After the Liberals had been at work upon their intellectual problem for nearly a generation, Bacon, in his Novum Organum, undertook to present a formula by which the new mind could be produced in bulk. Stated in its simplest terms, he proposed scientific specialization, and the proposition was received as a great and original discovery, although it had been advanced quite as lucidly four hundred years before by the Franciscan friar, Roger Bacon. Apart, however, from Francis Bacon’s originality, the fact remains that, during the lifetime of Francis Bacon, society did undertake to set in motion a new energy in the shape of specialized mind, and the correlation of the dates which mark the incubation and the liberation of this energy, and the social revolution which followed upon its liberation, are to me wonderfully suggestive.
Born in 1561, Lord Bacon published his Novum Organum in 1620. Galileo, three years younger, fell into the hands of the Inquisition for maintaining the heresy that the earth moved, and died in 1642 within a year of the birth of Newton. Newton and Leibnitz, who might have been the grandsons of Bacon and Galileo, born in 1642 and 1646, died respectively in 1727 and 1716, and with them the period of incubation closed. None of these four men had advanced to the point of specialization at which they applied science very readily to the arts. The age of the inventors was to come.
Matthew Boulton, Watt’s partner, was born in 1728, Watt himself in 1736, Wedgwood in 1730, and the list might be extended indefinitely. The ‘industrial revolution’ began when these men reached maturity. It is generally dated from 1760, when the flying shuttle was perfected and coal was successfully applied to smelting. Adam Smith, who expounded the philosophy of the ‘industrial revolution’ itself, as Bacon had expounded the philosophy of the inductive thought which wrought the revolution, was born in 1723.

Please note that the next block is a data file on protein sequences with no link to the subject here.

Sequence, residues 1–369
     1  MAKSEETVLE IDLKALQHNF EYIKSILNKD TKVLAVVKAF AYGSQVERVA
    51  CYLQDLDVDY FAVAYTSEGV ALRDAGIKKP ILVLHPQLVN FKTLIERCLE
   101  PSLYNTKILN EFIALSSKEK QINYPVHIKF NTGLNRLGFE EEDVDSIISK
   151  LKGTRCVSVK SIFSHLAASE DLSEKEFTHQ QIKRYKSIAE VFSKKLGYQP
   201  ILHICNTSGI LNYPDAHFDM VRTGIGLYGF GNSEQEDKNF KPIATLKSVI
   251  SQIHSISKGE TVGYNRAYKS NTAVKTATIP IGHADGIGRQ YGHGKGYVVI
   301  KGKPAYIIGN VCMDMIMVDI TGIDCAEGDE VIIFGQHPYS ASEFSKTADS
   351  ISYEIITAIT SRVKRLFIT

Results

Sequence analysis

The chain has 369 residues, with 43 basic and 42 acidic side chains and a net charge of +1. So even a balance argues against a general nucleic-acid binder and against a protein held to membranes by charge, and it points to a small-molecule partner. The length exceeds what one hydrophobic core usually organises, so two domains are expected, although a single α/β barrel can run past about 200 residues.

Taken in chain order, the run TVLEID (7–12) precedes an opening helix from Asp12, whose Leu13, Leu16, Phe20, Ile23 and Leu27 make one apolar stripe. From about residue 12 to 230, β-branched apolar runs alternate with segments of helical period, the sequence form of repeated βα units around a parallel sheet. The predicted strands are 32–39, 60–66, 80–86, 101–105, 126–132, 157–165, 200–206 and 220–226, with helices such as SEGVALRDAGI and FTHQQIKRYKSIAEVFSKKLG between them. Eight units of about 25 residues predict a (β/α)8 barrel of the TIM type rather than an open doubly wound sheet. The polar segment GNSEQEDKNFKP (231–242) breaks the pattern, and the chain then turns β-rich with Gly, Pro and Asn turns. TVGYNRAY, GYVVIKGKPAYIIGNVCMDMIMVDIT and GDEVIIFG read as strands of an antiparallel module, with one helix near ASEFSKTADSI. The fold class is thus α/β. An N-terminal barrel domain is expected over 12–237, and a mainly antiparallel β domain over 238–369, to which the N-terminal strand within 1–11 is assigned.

Assuming that the year 1760 approximately marks the point when the specialized scientific mind began decisively to predominate in the movement of civilization, there can be no question that, decade by decade, since that epoch, the impulsion given society by the forces set in action by applied science has gathered volume, until now it sweeps before it our laws and institutions, and we seem to be unable to adjust these to the new conditions. Ours is the converse of the Roman predicament. The Romans could conquer and administer, but they could not create wealth fast enough to pay the cost of centralization. We are abundantly inventive and can create wealth, but we cannot control the energy which we liberate. Why we fail is the problem which perplexes me.
I am doubtful whether our apparent lack of intellectual power is due to some inherent and insuperable infirmity of the mind, in other
words, whether the limit of administrative thought has been reached, or whether it is due to defective education. Meanwhile, the difficulty is palpable. Our laws and institutions are a series of generalizations resting on premises which were true a century ago in the early stages of the ‘industrial revolution,’ but which have ceased to be true since scientific thought began to pass into its more advanced phases after the year 1870. The curve which has been described by civilization since the ‘industrial revolution* began has been very clearly marked. The first effect of applied science was to accelerate consolidation, to increase correspondingly the cost of administration, and, there- fore, to enforce a social unification which should diminish waste. I suppose that no one now, looking back calmly, can doubt that by 1775 the consolidation of the thirteen English colonies scattered along the Atlantic coast of this continent had become a necessity; the only question at issue was whether the consolidating mass should Centre at a point in Europe or America.